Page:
Tuesday, May 15, 2007


Missing toddler suspect says he's been made a 'scapegoat'.

By Ian Herbert
Published: 16 May 2007

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A British man who has been described as the "main suspect" in the Madeleine McCann inquiry said last night he was "absolutely horrified" to be under investigation, hours after Portuguese police disclosed they did not have enough evidence to make an arrest.

Robert Murat, 34, whose employment as a police translator on the inquiry is believed to have given him access to Madeleine's parents after she vanished, said he would "only survive" if Madeleine's abductor was caught. "This has ruined my life and has made things very difficult for my family here and in Britain," Mr Murat told Sky News, off camera. "I have been made a scapegoat for something I did not do." Mr Murat, who says he was at home with his mother from 8pm on the night that Madeleine disappeared, spoke as police continued to search the villa that he shares with his mother. It is no more than 160 yards from the holiday apartment from where Madeleine went missing.

The police inspector leading the inquiry, Olegario Sousa, said investigations would continue. "We are not saying we have no evidence, we are just saying we don't have enough evidence," he said.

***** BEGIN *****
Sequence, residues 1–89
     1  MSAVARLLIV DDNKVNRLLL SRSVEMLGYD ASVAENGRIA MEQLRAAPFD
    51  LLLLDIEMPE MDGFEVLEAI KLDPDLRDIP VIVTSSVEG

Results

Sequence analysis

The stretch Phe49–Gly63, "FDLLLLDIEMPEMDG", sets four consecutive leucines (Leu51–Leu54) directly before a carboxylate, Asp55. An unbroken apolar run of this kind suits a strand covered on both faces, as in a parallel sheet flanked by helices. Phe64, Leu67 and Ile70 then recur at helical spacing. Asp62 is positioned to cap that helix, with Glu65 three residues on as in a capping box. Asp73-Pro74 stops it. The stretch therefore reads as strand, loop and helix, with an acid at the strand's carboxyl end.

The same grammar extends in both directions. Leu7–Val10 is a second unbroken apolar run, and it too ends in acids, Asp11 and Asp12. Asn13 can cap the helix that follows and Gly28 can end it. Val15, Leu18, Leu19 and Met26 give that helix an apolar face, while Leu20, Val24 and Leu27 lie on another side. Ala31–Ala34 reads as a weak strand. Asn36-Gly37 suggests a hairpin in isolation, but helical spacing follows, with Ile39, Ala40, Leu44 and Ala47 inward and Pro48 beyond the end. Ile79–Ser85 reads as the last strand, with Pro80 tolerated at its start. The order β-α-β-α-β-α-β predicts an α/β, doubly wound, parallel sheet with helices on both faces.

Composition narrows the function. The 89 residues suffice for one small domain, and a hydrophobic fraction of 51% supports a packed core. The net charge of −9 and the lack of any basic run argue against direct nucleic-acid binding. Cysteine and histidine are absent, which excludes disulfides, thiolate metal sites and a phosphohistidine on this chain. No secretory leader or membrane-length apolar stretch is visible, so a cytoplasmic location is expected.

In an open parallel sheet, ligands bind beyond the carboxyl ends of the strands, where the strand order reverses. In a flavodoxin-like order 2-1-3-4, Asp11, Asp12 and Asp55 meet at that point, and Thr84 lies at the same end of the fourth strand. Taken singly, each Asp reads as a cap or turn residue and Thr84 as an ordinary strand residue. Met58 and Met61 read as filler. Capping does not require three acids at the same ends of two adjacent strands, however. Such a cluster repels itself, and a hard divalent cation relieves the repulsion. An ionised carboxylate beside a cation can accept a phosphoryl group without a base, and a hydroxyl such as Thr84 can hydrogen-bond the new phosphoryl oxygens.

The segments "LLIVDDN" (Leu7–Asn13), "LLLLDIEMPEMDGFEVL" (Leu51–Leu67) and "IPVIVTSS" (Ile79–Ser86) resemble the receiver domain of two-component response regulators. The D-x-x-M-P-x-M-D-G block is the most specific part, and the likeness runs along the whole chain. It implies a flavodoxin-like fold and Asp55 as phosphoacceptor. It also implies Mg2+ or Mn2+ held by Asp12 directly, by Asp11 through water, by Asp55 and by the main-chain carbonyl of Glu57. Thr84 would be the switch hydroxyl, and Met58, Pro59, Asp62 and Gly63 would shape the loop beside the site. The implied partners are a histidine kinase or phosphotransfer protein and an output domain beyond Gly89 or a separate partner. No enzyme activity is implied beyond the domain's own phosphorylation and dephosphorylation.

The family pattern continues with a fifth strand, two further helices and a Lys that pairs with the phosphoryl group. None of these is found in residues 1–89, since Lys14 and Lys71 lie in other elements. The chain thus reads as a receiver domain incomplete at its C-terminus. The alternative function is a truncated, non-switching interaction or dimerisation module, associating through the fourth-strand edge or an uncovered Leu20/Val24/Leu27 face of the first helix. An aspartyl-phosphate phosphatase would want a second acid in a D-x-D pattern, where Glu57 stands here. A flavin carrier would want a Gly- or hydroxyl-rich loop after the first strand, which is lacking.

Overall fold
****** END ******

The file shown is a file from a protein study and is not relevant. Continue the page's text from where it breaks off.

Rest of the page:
Mr Sousa will not speculate on whether four-year-old Madeleine, who disappeared 13 days ago, might still be alive. He did confirm his prime suspect had worked as a translator on the police inquiry.

The Policia Judiciaria announced that their suspect, who was interviewed for 18 hours on Monday, had been declared an arguido - suspect or defendant - and had signed an identity and residence statement which prevents him from moving house or leaving the country, and requires him to report regularly to police.

Although individuals linked to a criminal inquiry may become an arguido to give themselves the right to remain silent and to have a lawyer present at all times, it is clear that the status was imposed on Mr Murat.


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